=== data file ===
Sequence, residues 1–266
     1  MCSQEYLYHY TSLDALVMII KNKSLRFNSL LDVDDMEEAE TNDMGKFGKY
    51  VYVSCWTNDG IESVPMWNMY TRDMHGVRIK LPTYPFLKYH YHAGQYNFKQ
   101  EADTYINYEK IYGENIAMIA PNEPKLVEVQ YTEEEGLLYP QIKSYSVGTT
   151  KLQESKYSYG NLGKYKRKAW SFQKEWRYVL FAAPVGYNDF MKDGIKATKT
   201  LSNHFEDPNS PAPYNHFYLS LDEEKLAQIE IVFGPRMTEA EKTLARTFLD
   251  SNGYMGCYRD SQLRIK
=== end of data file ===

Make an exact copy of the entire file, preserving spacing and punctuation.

Sequence, residues 1–266
     1  MCSQEYLYHY TSLDALVMII KNKSLRFNSL LDVDDMEEAE TNDMGKFGKY
    51  VYVSCWTNDG IESVPMWNMY TRDMHGVRIK LPTYPFLKYH YHAGQYNFKQ
   101  EADTYINYEK IYGENIAMIA PNEPKLVEVQ YTEEEGLLYP QIKSYSVGTT
   151  KLQESKYSYG NLGKYKRKAW SFQKEWRYVL FAAPVGYNDF MKDGIKATKT
   201  LSNHFEDPNS PAPYNHFYLS LDEEKLAQIE IVFGPRMTEA EKTLARTFLD
   251  SNGYMGCYRD SQLRIK